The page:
Bob Schwartz

Bigger Than Life (1956): A classic film about steroid-induced psychosis and delusions of grandeur

Nicholas Ray is the celebrated and iconoclastic director of movies such as Rebel Without a Cause. His film Bigger Than Life (1956) is unusual, even for him.

In the late 1950s, steroids were a new and experimental therapy. Some of the known side effects—side effects that are still an issue decades later—were the basis for the movie. A synopsis from AFI (emphasis added):

Schoolteacher Ed Avery is a devoted family man who moonlights as a cab dispatcher to support his wife Lou and young son Richie. When Ed begins to experience excruciating pains pulsing throughout his body, he tries to hide his condition from Lou until one night, after a bridge game, he collapses in agony. Upon learning that Ed has been enduring these spasms for months, his physician, Dr. Norton, calls in a specialist, Dr. Ruric, who puts Ed through a battery of tests that reveal that he is afflicted with a rare, deadly blood disease.

When Ruric concludes that Ed’s only hope lies in taking the experimental drug cortisone, Ed begins treatment under hospital supervision. Several weeks later, Ed is released from the hospital, and Norton cautions him that his drug dosage needs to be closely monitored and that he should immediately report any unusual symptoms. On his first day home, Ed ebulliently ushers Lou to an expensive dress store and insists that she purchase two frocks they can ill afford. When Ed begins to experience drastic mood swings that veer from manic depression to delusions of grandiosity, Lou suggests that he consult Norton, but he protests that he cannot afford to be sick again and begins to increase his dosage of cortisone.

At a PTA meeting, Ed deliberately insults both the parents and their children, causing his good friend, gym teacher Wally Gibbs, to become concerned. When Wally visits Lou to tell her about her husband’s strange behavior, Ed makes a snide remark about Wally’s interest in Lou, then declares that he is tired of petty domesticity and his marriage. After telling Lou that she is his intellectual inferior, Ed relents and agrees to stay married for the sake of his son.

Having consumed his entire prescription of cortisone, Ed poses as a doctor and forges a new prescription at a drug store. While playing football with Richie, Ed pushes the boy beyond his endurance, frightening Lou. Soon after, Wally shows Lou an article describing psychosis as a complication of cortisone consumption, but Lou fears that Ed will die without the drug. As Ed’s condition deteriorates, he continues to torment Richie, browbeating him about mathematical problems late into the night and driving him to tears. At dinner, Ed launches into a paranoid rant against Lou.

Desperate to stop his father from taking more pills, Richie raids the medicine cabinet, but Ed catches him and calls him a thief. As Richie cowers in his bedroom, Lou phones Wally for help, but is forced to leave a message because he is not at home. Decreeing that Richie considers himself above the law, Ed reads a passage in the Bible about Abraham sacrificing his son Isaac. When Lou begs Ed to spare Richie, he declares that they will all die together.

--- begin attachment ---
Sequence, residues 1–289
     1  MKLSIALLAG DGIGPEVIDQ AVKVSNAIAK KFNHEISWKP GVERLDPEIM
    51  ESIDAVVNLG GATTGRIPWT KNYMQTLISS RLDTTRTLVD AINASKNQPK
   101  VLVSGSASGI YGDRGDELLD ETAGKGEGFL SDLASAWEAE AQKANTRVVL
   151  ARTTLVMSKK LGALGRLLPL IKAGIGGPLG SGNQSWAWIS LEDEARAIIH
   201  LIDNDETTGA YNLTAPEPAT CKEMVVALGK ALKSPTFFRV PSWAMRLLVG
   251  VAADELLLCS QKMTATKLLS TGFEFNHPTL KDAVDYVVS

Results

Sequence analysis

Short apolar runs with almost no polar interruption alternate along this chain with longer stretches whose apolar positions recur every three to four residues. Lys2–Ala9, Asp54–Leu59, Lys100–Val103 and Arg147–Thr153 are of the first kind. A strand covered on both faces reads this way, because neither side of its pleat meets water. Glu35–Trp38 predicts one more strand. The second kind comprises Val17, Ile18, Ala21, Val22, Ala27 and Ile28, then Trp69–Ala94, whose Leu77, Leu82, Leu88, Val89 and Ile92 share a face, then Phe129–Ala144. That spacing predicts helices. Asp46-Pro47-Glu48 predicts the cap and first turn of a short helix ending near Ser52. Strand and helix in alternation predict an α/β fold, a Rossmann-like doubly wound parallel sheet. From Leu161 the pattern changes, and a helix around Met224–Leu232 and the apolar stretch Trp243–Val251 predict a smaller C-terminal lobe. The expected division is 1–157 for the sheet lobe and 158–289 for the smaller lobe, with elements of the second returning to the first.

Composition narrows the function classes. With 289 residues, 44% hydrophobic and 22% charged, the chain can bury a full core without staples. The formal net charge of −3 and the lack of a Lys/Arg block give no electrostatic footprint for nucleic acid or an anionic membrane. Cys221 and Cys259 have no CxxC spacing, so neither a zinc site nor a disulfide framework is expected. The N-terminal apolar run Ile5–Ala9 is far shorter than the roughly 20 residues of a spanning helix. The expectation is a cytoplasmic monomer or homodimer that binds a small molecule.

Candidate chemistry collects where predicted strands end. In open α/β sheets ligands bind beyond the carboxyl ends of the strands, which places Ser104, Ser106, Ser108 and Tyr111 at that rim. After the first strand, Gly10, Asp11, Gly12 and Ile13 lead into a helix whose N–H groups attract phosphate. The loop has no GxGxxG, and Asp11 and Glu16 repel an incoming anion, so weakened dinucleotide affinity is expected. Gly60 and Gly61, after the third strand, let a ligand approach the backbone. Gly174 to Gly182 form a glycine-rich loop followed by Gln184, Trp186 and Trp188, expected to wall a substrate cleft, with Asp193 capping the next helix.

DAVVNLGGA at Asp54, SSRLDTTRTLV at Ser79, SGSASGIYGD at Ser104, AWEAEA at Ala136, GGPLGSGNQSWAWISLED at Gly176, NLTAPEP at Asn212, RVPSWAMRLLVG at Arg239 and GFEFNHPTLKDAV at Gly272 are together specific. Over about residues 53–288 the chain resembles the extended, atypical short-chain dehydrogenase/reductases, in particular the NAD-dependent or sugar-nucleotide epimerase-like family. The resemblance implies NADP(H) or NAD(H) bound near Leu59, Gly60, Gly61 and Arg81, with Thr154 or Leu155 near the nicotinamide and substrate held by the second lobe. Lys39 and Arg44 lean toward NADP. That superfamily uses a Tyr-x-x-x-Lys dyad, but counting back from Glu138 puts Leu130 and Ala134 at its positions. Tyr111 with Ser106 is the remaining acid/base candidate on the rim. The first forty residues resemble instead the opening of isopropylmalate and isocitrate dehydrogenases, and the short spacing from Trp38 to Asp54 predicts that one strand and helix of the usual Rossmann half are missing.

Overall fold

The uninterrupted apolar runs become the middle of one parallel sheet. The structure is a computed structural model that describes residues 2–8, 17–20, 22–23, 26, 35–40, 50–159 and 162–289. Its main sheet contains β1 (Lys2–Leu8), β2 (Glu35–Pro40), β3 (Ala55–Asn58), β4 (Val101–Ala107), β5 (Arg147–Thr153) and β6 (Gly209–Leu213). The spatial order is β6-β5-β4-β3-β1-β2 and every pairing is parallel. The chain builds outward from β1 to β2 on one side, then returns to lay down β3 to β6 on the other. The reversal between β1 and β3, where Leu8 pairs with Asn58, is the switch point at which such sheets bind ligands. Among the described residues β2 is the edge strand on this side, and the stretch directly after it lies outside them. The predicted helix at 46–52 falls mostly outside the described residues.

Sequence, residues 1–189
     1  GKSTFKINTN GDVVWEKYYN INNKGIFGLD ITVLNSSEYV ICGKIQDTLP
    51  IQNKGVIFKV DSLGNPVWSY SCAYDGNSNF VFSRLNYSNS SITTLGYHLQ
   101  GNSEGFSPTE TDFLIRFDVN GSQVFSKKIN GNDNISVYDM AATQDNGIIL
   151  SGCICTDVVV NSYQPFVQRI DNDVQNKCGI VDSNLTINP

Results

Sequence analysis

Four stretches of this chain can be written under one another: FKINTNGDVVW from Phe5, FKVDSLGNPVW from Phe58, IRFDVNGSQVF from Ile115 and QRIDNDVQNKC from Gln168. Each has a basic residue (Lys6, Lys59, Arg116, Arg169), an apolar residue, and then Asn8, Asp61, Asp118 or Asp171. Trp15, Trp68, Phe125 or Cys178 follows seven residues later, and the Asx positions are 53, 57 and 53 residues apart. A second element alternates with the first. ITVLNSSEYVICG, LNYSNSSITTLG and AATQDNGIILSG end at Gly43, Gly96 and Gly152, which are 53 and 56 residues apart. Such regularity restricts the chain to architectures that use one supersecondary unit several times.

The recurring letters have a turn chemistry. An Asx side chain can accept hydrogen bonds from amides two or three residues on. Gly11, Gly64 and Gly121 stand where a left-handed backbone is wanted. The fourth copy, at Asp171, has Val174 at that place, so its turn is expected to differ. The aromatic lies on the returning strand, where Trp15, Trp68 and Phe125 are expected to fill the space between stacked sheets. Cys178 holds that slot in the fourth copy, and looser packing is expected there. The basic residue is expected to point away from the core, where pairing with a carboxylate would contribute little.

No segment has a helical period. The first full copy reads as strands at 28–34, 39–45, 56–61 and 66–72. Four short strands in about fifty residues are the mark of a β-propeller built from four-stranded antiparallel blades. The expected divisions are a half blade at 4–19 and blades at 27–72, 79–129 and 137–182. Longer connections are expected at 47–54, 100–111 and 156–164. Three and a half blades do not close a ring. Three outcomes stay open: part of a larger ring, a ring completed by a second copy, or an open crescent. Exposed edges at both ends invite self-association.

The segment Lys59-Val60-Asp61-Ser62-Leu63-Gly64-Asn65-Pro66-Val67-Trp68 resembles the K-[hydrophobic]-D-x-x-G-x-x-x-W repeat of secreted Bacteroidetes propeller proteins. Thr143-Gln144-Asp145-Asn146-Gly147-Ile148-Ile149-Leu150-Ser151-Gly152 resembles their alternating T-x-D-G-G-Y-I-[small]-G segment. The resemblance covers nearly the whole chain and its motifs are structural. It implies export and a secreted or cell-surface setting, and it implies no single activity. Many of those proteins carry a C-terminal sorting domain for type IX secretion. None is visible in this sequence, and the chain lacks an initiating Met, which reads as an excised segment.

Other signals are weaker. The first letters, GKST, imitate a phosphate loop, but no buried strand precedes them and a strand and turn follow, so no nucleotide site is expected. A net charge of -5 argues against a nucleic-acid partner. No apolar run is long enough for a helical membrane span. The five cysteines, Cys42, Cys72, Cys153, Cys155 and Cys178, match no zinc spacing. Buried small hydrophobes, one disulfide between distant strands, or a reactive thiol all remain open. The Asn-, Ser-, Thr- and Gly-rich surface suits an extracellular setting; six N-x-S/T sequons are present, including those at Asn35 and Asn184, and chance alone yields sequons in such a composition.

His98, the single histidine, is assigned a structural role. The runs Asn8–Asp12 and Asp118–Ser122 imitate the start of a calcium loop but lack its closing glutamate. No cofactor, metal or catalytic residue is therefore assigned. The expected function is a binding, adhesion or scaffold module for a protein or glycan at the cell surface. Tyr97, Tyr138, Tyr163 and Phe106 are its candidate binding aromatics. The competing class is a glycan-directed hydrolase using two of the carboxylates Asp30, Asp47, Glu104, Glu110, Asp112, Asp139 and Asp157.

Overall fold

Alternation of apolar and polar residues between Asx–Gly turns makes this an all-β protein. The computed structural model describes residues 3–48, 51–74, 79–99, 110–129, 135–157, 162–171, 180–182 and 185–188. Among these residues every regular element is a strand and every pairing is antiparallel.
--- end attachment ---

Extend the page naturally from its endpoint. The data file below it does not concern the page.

After Lou tries to stall Ed, he locks her in a closet, turns up the volume on the television set and then charges up the stairs to Richie’s room, scissors in hand. When Ed begins to hallucinate, Richie slips out the door just as Wally bursts into the house and wrests the scissors from Ed’s hands. After Wally knocks Ed unconscious, Lou phones the doctor, who heavily sedates Ed in the hospital.

Explaining that Ed is suffering from a psychosis induced by an overdose of cortisone, Norton warns that he may never return to normal. After stating that Ed will recover only if he remembers what has happened, Norton agrees to allow Lou to see her husband. In his hospital room, Ed awakens, disoriented, but soon recognizes Lou and Richie, and recalling the disastrous events of recent weeks, gratefully embraces his family.

If you know anyone, personally or publicly, who is being treated with powerful steroids, please watch out for any signs of psychosis and delusions of grandeur.

Don’t be fooled by tweets and photo ops. Trump is the Walking Sick.

The lady doth protest too much, methinks.
William Shakespeare, Hamlet

Three things tell us just how sick Trump is with Covid-19.

1. What we have been allowed to know is that he is infected with the virus, had some troubling breathing incidents, went to the hospital, and is receiving an unprecedented combination of drug therapies (unprecedented in that nobody in the world has received this combination).

2. The White House and their doctor are hiding something, being vague, evasive or silent. Reasons to hide significant things are either that it is none of your business or that there is something bad to hide. The greater the efforts to hide, the more likely it is something bad, maybe very bad.

3. He is overcompensating. He is exaggerating. He protests too much. In the past, he ordered his last doctor, Ronny Jackson, to say that Trump could live to be 200. Admittedly, Trump is known to play everything over the top. But even for him, the video and photo ops during his illness look desperate, not convincing.

As for what it means if Trump is as sick as he probably is, and maybe about to get worse, that is yet to be determined. When the worst president in American history is very sick and on a potent drug cocktail that may be affecting his mental health, anything can happen.